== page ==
New Windward roundabout has residents scratching their heads

Local News

Traffic calming circles are meant to slow cars down, but the partially completed roundabouts on Anoi Road and Luluku Road in Kaneohe have residents frustrated

“It just doesn’t make sense. Actually it causes more traffic. So when the cars are going down and when there’s a car coming around like, should we let them go? Or not go? So it doesn’t make any sense,” said Kuuipo Perreira.

KHON: “So nobody really knows how it works?”

“Exactly! They don’t know how it works,” said Perreira, who lives near one of the new roundabouts.

Several cars and a city dump truck even cut through the roundabout while KHON2 was there. Other cars beeped their horns at drivers in front of them who seemed confused at whether to let a car into the roundabout as they were moving through it.

Residents are also concerned about the safety of the roundabout because it’s black, the same color as the asphalt. They said it’s difficult to see it at night.

Perreira said she found out they were putting it in from a sign that was put up in January that read: New Traffic Pattern Ahead, Traffic Circle.

Honolulu City Council member Ikaika Anderson said talks about the project go back to at least eight years.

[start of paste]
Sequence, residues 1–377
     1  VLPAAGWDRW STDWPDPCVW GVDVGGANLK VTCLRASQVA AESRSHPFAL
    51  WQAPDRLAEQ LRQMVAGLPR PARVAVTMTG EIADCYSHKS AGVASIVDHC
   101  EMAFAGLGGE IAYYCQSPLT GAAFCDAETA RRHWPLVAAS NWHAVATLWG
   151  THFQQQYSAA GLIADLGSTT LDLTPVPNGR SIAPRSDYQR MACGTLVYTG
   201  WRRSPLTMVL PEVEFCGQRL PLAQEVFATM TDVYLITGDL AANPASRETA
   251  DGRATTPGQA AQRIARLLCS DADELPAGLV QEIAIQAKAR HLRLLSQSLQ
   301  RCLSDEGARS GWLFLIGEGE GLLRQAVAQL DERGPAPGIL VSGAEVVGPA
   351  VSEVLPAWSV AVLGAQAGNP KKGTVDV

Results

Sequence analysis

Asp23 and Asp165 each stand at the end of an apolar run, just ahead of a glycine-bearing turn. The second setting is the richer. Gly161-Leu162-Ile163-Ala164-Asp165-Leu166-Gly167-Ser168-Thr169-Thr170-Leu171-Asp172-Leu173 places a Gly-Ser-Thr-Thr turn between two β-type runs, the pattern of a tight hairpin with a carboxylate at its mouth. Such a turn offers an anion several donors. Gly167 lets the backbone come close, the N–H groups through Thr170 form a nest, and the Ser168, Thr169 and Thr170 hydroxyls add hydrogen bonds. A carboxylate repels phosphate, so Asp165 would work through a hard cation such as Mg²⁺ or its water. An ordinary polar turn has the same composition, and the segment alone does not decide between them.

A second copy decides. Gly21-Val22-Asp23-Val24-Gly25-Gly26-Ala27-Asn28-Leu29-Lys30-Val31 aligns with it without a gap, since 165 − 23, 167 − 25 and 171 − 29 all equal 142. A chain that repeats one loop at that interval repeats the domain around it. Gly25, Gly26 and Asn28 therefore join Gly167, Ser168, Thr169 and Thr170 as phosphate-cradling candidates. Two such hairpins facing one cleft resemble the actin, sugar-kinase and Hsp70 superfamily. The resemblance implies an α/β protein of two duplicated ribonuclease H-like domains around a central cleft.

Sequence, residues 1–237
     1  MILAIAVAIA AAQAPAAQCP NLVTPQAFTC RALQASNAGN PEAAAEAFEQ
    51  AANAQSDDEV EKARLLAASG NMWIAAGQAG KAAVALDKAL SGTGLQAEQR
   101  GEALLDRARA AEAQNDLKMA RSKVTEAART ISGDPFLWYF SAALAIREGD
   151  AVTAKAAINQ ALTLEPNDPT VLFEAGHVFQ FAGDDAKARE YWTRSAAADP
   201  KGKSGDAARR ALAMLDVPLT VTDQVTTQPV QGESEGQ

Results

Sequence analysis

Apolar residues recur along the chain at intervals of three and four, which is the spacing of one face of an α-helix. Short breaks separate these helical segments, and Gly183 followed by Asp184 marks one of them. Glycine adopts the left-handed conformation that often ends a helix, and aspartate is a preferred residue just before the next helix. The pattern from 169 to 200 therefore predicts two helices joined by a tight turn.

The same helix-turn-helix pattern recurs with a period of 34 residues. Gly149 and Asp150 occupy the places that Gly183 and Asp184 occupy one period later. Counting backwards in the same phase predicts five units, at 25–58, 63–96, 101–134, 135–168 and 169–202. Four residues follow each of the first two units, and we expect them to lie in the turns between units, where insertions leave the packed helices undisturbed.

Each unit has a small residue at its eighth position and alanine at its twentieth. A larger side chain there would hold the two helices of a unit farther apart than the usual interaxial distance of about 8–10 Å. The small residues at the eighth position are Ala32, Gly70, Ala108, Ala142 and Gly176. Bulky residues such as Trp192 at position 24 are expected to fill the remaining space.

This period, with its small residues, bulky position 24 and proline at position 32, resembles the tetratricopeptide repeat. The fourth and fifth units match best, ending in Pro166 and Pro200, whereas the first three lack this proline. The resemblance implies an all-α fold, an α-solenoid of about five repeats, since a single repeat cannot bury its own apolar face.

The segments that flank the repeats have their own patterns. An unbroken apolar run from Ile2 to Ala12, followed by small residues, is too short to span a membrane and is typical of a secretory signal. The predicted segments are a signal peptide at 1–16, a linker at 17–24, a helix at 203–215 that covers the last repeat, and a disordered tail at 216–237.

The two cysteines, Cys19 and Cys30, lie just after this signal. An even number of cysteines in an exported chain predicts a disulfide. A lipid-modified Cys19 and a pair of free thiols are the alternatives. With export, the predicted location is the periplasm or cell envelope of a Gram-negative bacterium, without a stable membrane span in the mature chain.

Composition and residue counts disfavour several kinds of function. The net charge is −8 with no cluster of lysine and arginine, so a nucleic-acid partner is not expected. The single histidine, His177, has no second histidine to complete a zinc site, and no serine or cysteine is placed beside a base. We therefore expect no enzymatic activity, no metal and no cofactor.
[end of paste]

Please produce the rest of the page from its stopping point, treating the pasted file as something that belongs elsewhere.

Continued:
“We had community meetings in 2011 and 2012. The mayor’s representative the mayor’s representative went over this in a neighborhood board meeting in July 2016. The difficulty with these traffic calming projects is that from the point from where the community meetings first start to actual construction happens to be a period of years,” said Anderson.

Kaneohe Neighborhood Board Vice Chair Bill Sager said it had been discussed in their meetings but not recently.

“The neighborhood board was not notified that they were going to start, and people have forgotten what was going on,” said Sager.

A city spokesperson sent the following statement:

    “The roundabouts were discussed extensively with members of the Kaneohe community before installation began, and follow the city’s Complete Streets ordinance that was passed unanimously by the City Council in 2012. With the spate of pedestrian deaths last year, the Department of Transportation Services believes these roundabouts will make Luluku Road safer for all users.” 

The project was discussed at the Kaneohe neighborhood board meeting in  2016. The estimated cost was $10.6 for the calming circles and a road repaving project in the area. It could take up to 330 days to complete.

But how does the traffic calming circle work?

“The vehicle that’s entering the circle on the right has the right of way. And any vehicle already in the circle should be permitted to exit the circle before any other vehicles get in that vehicles way,” explained Anderson.

Anderson admitted there may be a learning curve. “It will take some time before folks in the community are absolutely certain on how to use this traffic circle.”

But he wanted to assure everyone that it is working.

“The goal is to cut down the speed and at the same time to discourage folks from cutting through the community and its doing that.”

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